Berkeley, CA — As I’ve grown up, I’ve watched the popularity of different forms of content shift. When I was younger, I was exposed to more personal and connection-based social media, such as Facebook. My family and friends would post pictures from their lives and share things that were interesting to them. When video platforms such as YouTube became more popular, most of us would stick to watching well-known channels. Back then the line between the content creators and viewers was pretty sharp. But this isn’t the case anymore.
TikTok and similar platforms mostly rely on algorithms for people to find content as opposed to searches or subscriptions. It is easier than ever for videos to go viral — even those posted by people without a large following. Content creation is far more complex, especially in upholding ethical boundaries. It is on us as the audience to decide what is the “right” way to create content since creators may not have a large fan base to hold them accountable.
I’ve seen a lot of people voice concerns recently about the line between recording strangers in public, with or without consent, and posting them online. Some of these videos seem to value consent from strangers in interviews designed to be enjoyable for the interviewee and the viewer, or games/trivia on college campuses to win money.
This isn’t always the case. The rise in videos secretly filming embarrassing or vulnerable moments of random people for comic relief is concerning to me. Some creators exploit unhoused individuals or people who may be struggling with mental illness or addiction by filming them without their consent, or sometimes without their knowledge. Some record people who are shy or may deal with social anxiety and frame their behavior as cringe-worthy. The subjects likely have no idea they will be mocked by thousands online. The popularity of these videos makes their impact on individuals and communities immense.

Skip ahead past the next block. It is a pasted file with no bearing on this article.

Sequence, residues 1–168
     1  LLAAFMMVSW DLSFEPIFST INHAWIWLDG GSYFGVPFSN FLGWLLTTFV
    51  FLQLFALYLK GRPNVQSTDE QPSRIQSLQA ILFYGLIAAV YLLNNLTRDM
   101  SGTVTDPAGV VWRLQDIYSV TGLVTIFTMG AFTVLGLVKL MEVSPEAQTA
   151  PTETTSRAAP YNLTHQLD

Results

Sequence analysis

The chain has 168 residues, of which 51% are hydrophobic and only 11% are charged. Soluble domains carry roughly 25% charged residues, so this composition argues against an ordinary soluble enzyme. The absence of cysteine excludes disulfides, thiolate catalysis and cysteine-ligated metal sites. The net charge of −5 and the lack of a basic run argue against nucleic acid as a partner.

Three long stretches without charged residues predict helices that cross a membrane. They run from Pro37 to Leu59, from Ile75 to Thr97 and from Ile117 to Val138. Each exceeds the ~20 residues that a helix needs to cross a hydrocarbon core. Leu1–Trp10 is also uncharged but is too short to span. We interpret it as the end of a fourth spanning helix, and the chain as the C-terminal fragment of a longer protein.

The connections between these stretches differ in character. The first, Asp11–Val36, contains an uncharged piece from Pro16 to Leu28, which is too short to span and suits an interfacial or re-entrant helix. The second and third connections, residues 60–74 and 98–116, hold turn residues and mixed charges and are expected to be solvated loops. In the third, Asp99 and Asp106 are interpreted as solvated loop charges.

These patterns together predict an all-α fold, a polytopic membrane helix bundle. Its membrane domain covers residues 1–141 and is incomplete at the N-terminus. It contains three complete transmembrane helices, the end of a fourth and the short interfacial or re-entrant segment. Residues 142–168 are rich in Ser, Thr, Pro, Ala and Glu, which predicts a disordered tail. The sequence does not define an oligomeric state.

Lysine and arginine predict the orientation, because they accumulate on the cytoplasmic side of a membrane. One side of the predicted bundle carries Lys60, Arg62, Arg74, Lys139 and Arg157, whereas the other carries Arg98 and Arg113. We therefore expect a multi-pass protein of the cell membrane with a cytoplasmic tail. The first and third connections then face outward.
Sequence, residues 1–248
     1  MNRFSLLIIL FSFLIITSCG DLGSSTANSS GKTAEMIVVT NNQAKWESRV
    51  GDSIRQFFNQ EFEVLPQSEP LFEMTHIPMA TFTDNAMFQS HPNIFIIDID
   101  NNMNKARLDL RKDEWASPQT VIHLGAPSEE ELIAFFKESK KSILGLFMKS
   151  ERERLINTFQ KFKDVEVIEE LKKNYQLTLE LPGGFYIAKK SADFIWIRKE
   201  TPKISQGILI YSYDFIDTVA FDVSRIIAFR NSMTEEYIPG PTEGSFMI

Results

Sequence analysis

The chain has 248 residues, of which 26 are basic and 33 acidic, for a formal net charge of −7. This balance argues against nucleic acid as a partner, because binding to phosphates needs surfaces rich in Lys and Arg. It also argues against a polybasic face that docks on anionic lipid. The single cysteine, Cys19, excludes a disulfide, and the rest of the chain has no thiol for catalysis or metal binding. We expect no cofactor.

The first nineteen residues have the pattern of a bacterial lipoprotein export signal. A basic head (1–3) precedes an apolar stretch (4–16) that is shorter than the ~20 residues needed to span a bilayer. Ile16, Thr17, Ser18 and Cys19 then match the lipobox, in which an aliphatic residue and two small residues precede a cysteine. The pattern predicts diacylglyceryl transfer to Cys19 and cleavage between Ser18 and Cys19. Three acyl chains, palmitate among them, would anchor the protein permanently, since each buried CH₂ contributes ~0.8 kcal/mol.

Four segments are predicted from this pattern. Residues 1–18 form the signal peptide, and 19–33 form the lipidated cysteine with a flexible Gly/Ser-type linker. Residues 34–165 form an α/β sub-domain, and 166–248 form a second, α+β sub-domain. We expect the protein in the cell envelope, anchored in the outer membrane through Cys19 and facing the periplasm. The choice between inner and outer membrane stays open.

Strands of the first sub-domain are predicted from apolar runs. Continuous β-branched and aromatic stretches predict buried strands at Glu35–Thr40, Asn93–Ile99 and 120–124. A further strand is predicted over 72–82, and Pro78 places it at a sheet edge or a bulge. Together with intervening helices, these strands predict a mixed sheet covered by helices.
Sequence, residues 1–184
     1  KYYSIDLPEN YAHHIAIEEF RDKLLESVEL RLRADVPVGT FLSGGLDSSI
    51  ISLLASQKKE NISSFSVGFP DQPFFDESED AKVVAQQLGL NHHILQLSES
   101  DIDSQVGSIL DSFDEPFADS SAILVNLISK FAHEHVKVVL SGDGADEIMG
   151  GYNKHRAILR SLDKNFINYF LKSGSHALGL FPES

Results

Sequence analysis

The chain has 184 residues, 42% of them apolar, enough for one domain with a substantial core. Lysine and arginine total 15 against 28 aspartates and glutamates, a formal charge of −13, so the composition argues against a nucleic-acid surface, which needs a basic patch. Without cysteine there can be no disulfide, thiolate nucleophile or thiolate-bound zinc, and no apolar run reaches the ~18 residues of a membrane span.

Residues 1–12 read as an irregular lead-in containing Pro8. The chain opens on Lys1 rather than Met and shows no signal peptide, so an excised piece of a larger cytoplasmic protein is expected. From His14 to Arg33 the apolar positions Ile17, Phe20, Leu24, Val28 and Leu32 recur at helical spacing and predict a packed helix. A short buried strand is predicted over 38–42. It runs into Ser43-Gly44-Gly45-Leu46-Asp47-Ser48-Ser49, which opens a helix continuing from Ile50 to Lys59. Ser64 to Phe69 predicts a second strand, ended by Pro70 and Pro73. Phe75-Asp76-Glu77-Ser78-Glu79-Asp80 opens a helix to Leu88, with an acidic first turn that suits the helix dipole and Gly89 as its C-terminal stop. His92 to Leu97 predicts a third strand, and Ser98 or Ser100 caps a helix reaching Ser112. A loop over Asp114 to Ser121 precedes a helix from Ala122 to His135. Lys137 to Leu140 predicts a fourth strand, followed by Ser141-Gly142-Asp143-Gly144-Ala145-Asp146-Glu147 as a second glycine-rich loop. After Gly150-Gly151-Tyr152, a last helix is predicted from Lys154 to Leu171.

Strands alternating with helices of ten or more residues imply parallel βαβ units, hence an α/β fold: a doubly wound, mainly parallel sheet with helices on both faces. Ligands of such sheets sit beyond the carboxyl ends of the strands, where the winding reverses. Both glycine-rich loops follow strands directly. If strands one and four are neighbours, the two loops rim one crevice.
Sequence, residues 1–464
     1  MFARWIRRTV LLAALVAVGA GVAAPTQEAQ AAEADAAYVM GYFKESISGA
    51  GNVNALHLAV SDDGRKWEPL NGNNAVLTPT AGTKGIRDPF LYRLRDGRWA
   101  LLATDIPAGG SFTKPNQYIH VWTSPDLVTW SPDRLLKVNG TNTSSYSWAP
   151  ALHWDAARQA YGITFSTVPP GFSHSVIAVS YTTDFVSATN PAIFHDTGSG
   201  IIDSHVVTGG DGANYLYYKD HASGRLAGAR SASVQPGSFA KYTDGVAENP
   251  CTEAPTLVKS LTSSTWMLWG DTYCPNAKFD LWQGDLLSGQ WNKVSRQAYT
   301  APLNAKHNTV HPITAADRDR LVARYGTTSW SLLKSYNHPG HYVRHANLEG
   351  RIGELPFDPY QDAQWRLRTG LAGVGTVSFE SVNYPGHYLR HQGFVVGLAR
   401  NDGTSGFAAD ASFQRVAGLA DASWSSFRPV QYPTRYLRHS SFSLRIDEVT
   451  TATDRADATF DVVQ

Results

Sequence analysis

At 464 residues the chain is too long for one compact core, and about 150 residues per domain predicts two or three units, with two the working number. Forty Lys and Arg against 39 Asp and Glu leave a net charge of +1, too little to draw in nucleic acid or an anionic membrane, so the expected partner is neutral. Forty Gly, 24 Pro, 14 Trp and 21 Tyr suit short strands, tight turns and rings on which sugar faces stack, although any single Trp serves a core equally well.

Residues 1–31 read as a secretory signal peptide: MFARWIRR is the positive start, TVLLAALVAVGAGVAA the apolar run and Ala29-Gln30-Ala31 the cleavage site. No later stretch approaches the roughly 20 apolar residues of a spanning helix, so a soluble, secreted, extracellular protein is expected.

Other times, people will ask strangers questions intending to provoke them and question their beliefs. They are asked things like, “Why should women have rights?” or why they think a certain politician, celebrity, etc. is “bad.” These videos are often edited to make the subject seem confused, flustered or make their answer incoherent. When someone isn’t able to defend their belief on the spot, the creator can portray certain groups or viewpoints as irrational or unintelligent — reinforcing negative stereotypes. For some, this representation creates a reason to dismiss a viewpoint altogether. And content creators with large platforms have the power to maintain these harmful narratives and stereotypes. We should be using platforms on social media to give people a voice to share their opinions and create an environment for genuine discussion or disagreement; these videos do the opposite.
I don’t have all of the answers on where to draw the line. But I do know that something being legal doesn’t make it ethical. And there is a lot that happens (and doesn’t happen) behind the scenes that we might not consider. As young people and viewers, we have the power to shape social media norms for the better. We influence what gains traction and what doesn’t, as well as how those videos are received.
Nina Thompson (she/her), is a high school student from Berkeley, CA.
Edited by Amber Ly